keskiviikko 13. huhtikuuta 2011

REVIEW - Super Star Wars: Return of the Jedi (1994)

GENRE(S): Action / Platform
RELEASED: October 1994
AVAILABLE ON: GB, GG, SNES, Wii Virtual Console
DEVELOPER(S): Realtime Associates (GB), Sculptured Software, LucasArts (SNES)
PUBLISHER(S): THQ, Black Pearl (GB, GG), JVC (SNES), LucasArts (Wii)

Return of the Jedi was my favourite Star Wars movie when I was a kid, due to the fact that I loved the Ewoks spin-off. When I matured some, The Empire Strikes Back overwhelmingly took that spot. However, Return of the Jedi is almost just as good. No matter what you think about Ewoks, you can't deny that Return of the Jedi is another great classic, in this series that has three great movies, two good movies and one "movie of the week", so to say. Critical reception to Return of the Jedi was initially very mixed, and it still is today. Most fans love it just as much as the last one. Interestingly, the reception to the last game in the Super Star Wars trilogy was just as mixed. Some critics that had praised the previous game blazed at it because "there was nothing new", while some regarded it the best game in the series. I'm with the latter on this one: it might be just like the two previous games, but that's the idea - it's a trilogy! Besides, I disagree with those who say this game offers nothing new. I think that once again improved gameplay, atmosphere and respect for players' feelings are quite enough to make Return of the Jedi an enjoyable, fresh experience. At least in this one you have some slight, faint hope of making it to the final boss honourably! ...But that's about it...

Strong am I with the Force, but not that strong

Nice and easy does it. A soft landing, finally.
Jedi knight Luke Skywalker returns to his home planet of Tatooine together with Leia and Chewbacca to rescue the imprisoned Han Solo from Jabba the Hutt's palace. Meanwhile, a new Death Star is being constructed, and Emperor Palpatine, Darth Vader's Sith master, arrives to oversee the construction work in person. While the rest of the rebel alliance stays on the forest moon of Endor to plot a concentrated attack on the yet incomplete Imperial space station, Luke willingly enters the Death Star, to confront Darth Vader one last time and attempt to bring his father back from the dark side of the Force.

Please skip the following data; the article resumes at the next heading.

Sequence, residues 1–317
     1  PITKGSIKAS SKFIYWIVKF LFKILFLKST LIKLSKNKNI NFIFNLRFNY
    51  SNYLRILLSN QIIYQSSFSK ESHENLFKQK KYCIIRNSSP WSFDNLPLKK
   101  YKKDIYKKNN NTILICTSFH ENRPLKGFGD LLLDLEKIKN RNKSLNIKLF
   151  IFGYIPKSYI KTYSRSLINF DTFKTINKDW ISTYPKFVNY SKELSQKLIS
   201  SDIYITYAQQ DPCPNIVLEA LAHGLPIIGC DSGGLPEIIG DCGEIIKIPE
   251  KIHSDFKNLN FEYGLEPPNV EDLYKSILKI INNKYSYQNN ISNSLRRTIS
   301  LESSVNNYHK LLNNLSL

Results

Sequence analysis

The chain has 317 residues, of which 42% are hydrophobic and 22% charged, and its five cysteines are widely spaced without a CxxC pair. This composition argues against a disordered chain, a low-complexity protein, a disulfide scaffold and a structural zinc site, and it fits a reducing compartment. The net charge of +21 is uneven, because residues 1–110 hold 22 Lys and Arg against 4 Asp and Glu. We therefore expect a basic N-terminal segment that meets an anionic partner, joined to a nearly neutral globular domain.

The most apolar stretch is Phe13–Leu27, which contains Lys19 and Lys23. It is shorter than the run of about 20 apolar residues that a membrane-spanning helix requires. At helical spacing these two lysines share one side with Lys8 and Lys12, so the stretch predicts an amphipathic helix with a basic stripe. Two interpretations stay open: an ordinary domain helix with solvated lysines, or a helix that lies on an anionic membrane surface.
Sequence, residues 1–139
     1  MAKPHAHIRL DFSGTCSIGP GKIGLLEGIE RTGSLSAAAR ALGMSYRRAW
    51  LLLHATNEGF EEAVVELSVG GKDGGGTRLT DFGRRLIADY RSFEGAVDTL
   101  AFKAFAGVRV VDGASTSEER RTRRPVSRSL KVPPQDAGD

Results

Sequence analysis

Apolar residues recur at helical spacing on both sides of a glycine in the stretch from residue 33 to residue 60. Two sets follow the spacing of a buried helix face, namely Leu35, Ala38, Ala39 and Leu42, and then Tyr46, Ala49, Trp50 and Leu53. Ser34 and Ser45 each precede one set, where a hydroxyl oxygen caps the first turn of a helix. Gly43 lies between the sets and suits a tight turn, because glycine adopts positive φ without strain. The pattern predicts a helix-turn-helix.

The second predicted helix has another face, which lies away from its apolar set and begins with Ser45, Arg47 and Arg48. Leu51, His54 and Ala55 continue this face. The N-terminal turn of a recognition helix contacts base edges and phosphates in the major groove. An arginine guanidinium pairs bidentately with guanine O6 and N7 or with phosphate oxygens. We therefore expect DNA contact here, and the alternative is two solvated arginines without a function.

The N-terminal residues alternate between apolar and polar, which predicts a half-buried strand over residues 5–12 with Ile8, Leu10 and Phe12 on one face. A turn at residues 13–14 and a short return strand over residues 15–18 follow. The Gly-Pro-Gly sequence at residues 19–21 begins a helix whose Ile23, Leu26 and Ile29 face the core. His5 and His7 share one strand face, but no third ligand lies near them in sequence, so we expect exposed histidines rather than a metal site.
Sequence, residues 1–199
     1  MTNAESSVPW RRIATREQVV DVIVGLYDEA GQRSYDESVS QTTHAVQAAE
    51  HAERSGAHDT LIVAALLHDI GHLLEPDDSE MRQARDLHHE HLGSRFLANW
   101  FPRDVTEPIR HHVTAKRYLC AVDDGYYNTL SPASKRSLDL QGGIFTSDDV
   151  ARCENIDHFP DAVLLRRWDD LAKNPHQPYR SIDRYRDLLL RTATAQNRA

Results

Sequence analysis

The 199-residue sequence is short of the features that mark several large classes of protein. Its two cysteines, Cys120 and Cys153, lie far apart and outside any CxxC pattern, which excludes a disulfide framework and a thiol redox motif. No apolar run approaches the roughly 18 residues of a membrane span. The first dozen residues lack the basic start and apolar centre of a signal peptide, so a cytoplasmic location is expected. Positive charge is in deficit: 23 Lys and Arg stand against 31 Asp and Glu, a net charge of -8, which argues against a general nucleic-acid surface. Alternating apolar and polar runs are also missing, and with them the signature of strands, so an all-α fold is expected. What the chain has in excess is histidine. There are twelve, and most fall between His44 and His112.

The graphics are once again improved to the point there really is no more capacity to go around. The Mode 7 sequences are smooth, and the ones in which you control the Millennium Falcon's turret are in seamless, full 3D, which was pretty much unparalleled work from a third-party developer at the time. The standard 2D graphics are very detailed, although at times, the environment's kind of flat. The sound's just what you'd expect after two games that were very strong in that department. This is some truly heartfelt Star Wars schtick, I love it.

An awesome move.
After the mayhem and emotional torment Super Star Wars and Empire put me through, I was very nervous going into Return. The game starts off a lot easier than either one of the previous games. The first stage is a Mode 7 landspeeder sequence, in which you don't have to shoot anything, you don't even have to concentrate on steering the vehicle. You just need to dodge rocks and jump over some occasional chasms. The second stage is the pathway to Jabba's palace, and you can already choose your character between Luke, Chewie and Leia. Luke's the same as always, but since he's a Jedi knight now, you have Force spells at your disposal from the very beginning, including the healing spell and one in which he throws the lightsaber at an enemy and you can then remotely control the weapon to do some extra damage. Very cool. Leia has a similar somersault attack to that of Luke's, but her normal attacks have crappy range. Chewie is the only character in this stage of the game to have a blaster at his disposal, which obviously makes him essential in long-range combat. Sometimes, you simply need a long-range weapon; you don't want to get caught between two enemies in this game. That spells death.

Leia at least attempting to kick some ass in
Jabba's dance hall.
The bosses in the game are difficult throughout the line, they're pretty much THE challenge of the game. They take a million hits, each and every one of them. Luke's essential to use in boss fights since he has the Force on his side. You wouldn't believe how much one or two healing spells per fight can help. As you progress, the game turns out to be very difficult in general, and Palpatine is one of the meanest motherfuckers ever to appear as a boss in any game - but the game manages to entertain with its difficulty on a whole new level, it never borders on impossible quite like its predecessors. The game's pretty generous on health items, and checkpoints turn up often in the form of R2-D2, which is definitely a first in this series. Also, you can start over from the last checkpoint as long as you have continues left. When you don't have any left, you'll have to start any stage all over, but at least you've still got a password to go on. This is one of two things the Super Star Wars series needed: forgiveness.